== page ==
London may help Chicago's Olympic bid

May 27, 2008 3:08:25 PM PDT
It would be the ultimate in recycling: London's Olympic planners are pushing Chicago to use parts of its main stadium for the 2012 Games to build an Olympic stadium on the city's South Side. Of course, Chicago would have to win the right to host the 2016 Olympics.

London has blown its budget big time and would love for Chicago to buy off parts of its marquee Olympic stadium. Chicago's bid team, though, is saying recycling a stadium is an interesting concept, but not if going green would cause the budget to bleed red.

This month, in London, crews began digging a big hole that will one day hold the city's Olympic stadium. But it is the hole in the budget that has many Brits talking. Now, London's Olympic team is suggesting 55,000 seats, tons of steels and other elements of their stadium could be reused if Chicago gets the games.

"They were really the ones who launched the idea of the repurposable stadium," said Doug Arnot, Chicago 2016 VP of operations.

"Repurposable" is a fancy way of saying reusable. At the groundbreaking last week, Britain's prime minister conceded no one wants a white elephant.

"I believe we're going to have a legacy here, not just for the Olympic movement but a legacy for our whole country," said Gordon Brown, British prime minister.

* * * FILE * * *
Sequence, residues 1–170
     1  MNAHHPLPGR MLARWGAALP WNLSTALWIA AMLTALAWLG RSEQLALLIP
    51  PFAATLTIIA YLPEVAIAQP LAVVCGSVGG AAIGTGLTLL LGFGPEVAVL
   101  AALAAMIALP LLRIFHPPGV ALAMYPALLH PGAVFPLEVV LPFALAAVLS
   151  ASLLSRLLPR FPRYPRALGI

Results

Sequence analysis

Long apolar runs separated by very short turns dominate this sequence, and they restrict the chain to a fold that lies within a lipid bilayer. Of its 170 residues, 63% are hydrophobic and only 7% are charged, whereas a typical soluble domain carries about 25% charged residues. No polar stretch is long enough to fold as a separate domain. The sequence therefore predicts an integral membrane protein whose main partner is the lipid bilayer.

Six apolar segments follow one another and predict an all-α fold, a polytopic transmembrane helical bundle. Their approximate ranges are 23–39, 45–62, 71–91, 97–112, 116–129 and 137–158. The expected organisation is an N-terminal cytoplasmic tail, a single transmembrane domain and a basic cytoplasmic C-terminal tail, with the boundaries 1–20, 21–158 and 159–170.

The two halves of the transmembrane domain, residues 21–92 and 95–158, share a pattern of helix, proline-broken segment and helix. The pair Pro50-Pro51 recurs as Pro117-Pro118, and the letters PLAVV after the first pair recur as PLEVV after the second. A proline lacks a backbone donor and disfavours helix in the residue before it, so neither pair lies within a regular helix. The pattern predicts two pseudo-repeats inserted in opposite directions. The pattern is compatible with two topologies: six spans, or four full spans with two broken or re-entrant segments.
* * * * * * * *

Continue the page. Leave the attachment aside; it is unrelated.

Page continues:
Both the London and Chicago Olympic stadium plans are for largely temporary stadiums. During the Games, each facility would contain 80,000 seats. After the Games are gone, what's left of London's stadium would be 25,000 seats. Chicago's legacy plan calls for a much smaller amphitheater. For that reason, and many more, Chicago's vice president of bid operations is skeptical the two stadium designs would feature many compatible pieces.

"I don't think we're talking about something that's kind of a pre-designed tinker-toy set that goes from one city to another," said Arnot.

The cost of moving sections of the stadium -- or its seating bowls -- across the pond may also be restrictive. Joe Dolinar is on the design team that created the new Soldier Field and the plans for Chicago's proposed Olympic stadium.

"You do have to look at what it costs, is it feasible? Is it realistic? And in the end what is appropriate for Chicago?" said Joe Dolinar, Goettsch Partners stadium designer.

No one is ruling anything out. There is always the possibility of passing on technology or a Jumbotron from one stadium to the next. First, Chicago must win the right to host the Games.

Mayor Daley will travel to Greece next week where the International Olympic Committee will shorten the list of 2016 candidate cities.


Load Comments